Bank of Israel Gov. Llein Before Knesset Finance Committee
(Communicated by Bank of Israel Spokesman)

Jerusalem, January 19, 2000

Following are comments made by Bank of Israel Governor David Klein to the Knesset Finance Committee today (Wednesday, 19.1.2000):

The main challenge now before us in monetary policy is to consolidate the significant achievement of lowering inflation – including imparting the norms of decision-making in a low inflationary environment. For some time now, interest rates have been gradually declining, with the objective being to maintain the current inflationary environment. In the framework of this interest rate policy, it is worthwhile to take into account expected developments in global interest rates – which affect the reduction in the difference between interest rates in Israel and abroad – and changing trends in financial assets portfolios held by the public, both Israeli citizens and foreign residents. It should be noted in this context that the rise in the weight of unlinked shekel assets and stocks, at the expense of assets linked to either exchange rates or the CoL index reflects increasing public trust in the policy to reduce inflation and maintain it at a low level.

The Bank of Israel’s interest rate policy is not only expressed by the monthly decision on the nominal interest rate, but mainly by the way the public derives its future, longer term, interest rate decisions based on that rate. Interest rate policy should transmit to the public a message that the road to reducing interest rates must be consistent with the inflation target set by the government.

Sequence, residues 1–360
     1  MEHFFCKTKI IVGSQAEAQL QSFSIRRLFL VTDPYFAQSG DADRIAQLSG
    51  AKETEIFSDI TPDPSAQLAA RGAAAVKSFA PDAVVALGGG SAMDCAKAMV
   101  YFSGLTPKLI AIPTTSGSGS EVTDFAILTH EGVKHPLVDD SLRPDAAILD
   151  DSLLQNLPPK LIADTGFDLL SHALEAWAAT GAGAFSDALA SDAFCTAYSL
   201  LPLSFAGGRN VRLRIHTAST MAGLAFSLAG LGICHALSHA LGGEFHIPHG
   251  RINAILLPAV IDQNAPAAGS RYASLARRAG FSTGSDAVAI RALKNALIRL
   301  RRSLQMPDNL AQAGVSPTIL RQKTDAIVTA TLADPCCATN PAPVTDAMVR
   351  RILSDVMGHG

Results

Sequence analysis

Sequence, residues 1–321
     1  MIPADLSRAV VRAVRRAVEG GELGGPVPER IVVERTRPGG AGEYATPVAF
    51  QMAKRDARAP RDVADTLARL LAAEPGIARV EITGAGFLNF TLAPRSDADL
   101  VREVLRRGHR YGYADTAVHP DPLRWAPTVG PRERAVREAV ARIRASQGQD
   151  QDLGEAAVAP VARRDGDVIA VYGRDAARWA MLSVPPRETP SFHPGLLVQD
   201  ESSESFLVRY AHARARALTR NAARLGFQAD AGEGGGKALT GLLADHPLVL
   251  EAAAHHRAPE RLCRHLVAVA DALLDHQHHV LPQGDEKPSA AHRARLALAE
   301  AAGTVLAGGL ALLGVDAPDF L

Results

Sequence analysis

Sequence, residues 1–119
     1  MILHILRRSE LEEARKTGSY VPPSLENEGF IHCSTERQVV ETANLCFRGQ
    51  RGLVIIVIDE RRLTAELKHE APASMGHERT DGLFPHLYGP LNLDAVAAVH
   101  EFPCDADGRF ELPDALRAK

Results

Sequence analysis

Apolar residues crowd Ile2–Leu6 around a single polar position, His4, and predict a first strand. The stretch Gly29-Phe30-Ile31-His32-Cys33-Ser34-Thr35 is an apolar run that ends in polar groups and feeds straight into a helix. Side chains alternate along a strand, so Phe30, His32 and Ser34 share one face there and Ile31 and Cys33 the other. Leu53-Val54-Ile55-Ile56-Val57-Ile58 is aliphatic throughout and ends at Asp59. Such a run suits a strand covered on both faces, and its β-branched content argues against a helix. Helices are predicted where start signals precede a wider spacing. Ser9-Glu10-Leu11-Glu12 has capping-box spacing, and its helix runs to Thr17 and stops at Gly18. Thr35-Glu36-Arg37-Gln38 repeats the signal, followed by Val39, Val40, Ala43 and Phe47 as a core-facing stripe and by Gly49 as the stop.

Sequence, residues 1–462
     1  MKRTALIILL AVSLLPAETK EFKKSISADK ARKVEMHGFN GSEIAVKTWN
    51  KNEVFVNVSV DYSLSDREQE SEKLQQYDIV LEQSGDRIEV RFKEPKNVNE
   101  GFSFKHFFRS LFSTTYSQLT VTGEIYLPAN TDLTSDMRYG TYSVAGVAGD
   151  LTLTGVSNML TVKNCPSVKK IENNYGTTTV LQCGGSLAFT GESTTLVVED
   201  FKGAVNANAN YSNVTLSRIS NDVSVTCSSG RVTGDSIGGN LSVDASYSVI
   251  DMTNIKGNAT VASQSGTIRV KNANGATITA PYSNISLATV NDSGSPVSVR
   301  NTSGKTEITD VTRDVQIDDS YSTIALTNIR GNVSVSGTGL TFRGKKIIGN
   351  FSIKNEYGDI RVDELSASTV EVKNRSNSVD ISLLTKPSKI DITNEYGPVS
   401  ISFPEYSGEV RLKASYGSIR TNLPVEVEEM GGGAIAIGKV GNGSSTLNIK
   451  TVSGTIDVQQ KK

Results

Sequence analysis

Israel’s inflation environment is closer than ever to that defined as price stability, i.e. the level of inflation current in the developed world. Israel’s rate of inflation must be comparable to inflation in developed economies. This is crucial for a successful integration into the global economy and is a condition for sustained growth.

The evaluation of inflation cannot be based on a calendar period, but has to be based on an analysis of long-term inflationary trends. 1999 – which concluded with a low rate of inflation of 1.3% resulting from the negative indices in the first half of the year – and 1995, which had a rate of inflation of 8% and an annual rate of 15% in the second half of that year, demonstrate this point well.

It is important that the government’s inflation target be a multi-year target, especially given the fact that the global financial markets by their very nature may undergo very rapid and unexpected changes affecting local prices. A system of multi-year inflation targets would not require drastic increases in interest rates to guarantee stability caused by sudden sharp price increases such as those that occurred in the last months of 1998, as would be necessary under an annual inflation target. Setting a two-year inflation target by the government is an important step in this direction. At the moment, it is important that the target for the coming two years be set by the second half of the year in order to allow greater flexibility in the management of monetary policy.

The Bank of Israel’s monetary committee would be important on the condition that it is anchored in the amendments to the central bank law based on global norms as recommended by the Levin Committee. Any partial legislation that deals with the monetary committee only would harm the Bank of Israel’s ability to function. Therefore, the new Bank of Israel Law must include the four components recommended by the Levin Committee – and which characterize central bank laws across the world – as a single composite act, as the Committee recommended. The components are: Defining the Bank of Israel’s main objective as achieving and maintaining long-term price stability; increasing the Bank’s transparency and reporting to the government, Knesset and public; establishing a monetary committee headed by the governor and whose members are experienced professionals from the relevant fields, independent and without conflicts of interest and whose full and sole responsibility is to the Bank of Israel’s targets.